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  • Anthony Martinez is 84-years-old and suffering from renal failure, as well as other serious medical conditions including dementia. He is currently incarcerated in the Sterling Correctional Facility, site of one of Colorado’s largest COVID-19 outbreaks with almost 600 active COVID-19 cases. He and his family are understandably terrified that he will catch the virus and die.

    In the midst of this public health crisis, incarcerated people as vulnerable as Anthony, could and should be immediately released to safely live out their remaining years with family.

    Read more about Anthony Martinez and other at-risk incarcerated people. 

  • Ronald Johnson is pre-diabetic, suffers from asthma and high blood pressure, and regularly uses an inhaler to breathe. His age and respiratory ailments put him at risk of serious illness and death if he contracts COVID-19. With over hundreds of active cases in Colorado’s prisons, his family fears he will not make it out alive. His daughter, Amber, says, “In prison, he can’t protect himself and he can’t social distance. My deep fear is that my dad will die in prison. That is an awful, traumatic reality to consider. My chest is tight just thinking about how quickly it spreads and how vulnerable he is.”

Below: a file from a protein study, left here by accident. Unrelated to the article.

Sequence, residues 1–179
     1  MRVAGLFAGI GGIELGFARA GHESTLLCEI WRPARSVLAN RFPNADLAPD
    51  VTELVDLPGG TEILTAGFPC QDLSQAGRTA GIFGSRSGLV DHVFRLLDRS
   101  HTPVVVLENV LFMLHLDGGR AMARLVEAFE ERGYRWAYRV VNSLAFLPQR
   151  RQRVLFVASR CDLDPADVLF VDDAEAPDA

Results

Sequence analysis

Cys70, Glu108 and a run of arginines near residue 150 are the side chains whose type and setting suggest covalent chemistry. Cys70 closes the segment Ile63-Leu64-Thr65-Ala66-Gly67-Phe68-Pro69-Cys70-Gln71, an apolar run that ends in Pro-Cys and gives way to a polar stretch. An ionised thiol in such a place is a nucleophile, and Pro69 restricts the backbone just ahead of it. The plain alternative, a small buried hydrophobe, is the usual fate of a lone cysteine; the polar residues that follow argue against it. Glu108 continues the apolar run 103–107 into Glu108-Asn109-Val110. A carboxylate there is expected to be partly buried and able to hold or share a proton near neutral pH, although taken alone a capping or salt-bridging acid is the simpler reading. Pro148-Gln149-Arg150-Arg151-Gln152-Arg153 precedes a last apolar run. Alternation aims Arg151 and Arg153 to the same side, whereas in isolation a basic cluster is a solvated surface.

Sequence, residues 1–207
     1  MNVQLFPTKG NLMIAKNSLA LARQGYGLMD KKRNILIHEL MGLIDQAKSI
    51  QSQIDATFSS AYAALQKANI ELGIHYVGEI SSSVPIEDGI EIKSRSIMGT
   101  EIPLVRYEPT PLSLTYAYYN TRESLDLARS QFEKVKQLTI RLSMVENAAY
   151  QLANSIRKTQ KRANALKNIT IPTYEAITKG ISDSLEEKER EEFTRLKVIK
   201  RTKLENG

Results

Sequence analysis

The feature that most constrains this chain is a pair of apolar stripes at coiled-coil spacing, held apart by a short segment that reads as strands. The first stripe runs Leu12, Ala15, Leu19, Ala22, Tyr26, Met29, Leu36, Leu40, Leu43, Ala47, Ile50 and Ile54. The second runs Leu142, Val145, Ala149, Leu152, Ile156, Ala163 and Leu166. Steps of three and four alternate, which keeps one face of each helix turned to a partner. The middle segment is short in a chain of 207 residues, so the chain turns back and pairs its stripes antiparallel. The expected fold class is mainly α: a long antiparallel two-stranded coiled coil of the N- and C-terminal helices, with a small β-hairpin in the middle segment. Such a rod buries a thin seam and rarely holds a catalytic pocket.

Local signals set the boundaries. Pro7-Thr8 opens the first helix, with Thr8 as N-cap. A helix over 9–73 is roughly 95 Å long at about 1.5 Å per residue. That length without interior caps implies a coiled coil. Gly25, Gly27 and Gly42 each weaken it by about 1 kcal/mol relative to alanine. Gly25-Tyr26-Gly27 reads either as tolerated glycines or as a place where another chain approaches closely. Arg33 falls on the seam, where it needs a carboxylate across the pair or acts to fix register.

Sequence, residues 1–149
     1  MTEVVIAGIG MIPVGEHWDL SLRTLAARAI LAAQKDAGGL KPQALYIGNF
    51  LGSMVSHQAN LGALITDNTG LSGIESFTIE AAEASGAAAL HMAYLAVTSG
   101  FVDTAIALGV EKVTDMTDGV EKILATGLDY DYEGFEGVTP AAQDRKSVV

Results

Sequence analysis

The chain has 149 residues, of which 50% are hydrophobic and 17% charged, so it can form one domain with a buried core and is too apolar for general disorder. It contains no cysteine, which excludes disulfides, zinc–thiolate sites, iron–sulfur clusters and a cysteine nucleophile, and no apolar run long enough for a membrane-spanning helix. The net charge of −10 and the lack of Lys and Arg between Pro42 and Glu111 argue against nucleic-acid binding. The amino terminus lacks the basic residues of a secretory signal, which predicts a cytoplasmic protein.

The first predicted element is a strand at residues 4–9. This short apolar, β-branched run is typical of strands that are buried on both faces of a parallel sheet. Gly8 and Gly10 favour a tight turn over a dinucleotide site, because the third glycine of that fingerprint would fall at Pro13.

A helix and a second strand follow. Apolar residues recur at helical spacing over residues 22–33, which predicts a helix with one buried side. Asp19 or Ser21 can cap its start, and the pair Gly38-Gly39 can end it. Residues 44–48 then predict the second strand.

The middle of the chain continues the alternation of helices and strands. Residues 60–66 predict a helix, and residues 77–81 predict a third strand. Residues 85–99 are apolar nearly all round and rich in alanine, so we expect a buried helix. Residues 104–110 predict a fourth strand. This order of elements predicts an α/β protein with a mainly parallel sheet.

Governor Hickenlooper shortened his sentence following testimony from family, friends and correctional officers advocating for his early release. Yet, he is still eight years away from parole. While he remains in prison, COVID-19 continues to spread. Ronald’s three siblings, four children and four grandchildren are desperate for his release.

    Read more about Ronald Johnson and other at-risk incarcerated people.

  • Tuesday Olson knew her pregnancy was in trouble and tried to access hospital care as soon as possible. But there was a problem: she was in jail. This is her story.
  • It’s time to end the death penalty in Colorado. Family members who lost loved ones to murder speak out against an unjust and broken system.

Report: Too Many Teens in Solitary Confinement

October 10, 2012

ACLU, Human Rights Watch Call for Ban on Solitary and an End to Housing Adolescents with Adults Behind Bars

WASHINGTON — Young people are held in solitary confinement in jails and prisons across the United States, often for weeks or months at a time, the American Civil Liberties Union and Human Rights Watch said in a report released today.

The report, “Growing Up Locked Down: Youth in Solitary Confinement in Jails and Prisons Across the United States,” is based on research in both U.S. jails and prisons in five states ¬– Colorado, Florida, Michigan, New York, and Pennsylvania – and correspondence with young people in 14 others. The isolation of solitary confinement causes anguish, provokes serious mental and physical health problems, and works against rehabilitation for teenagers, the report found.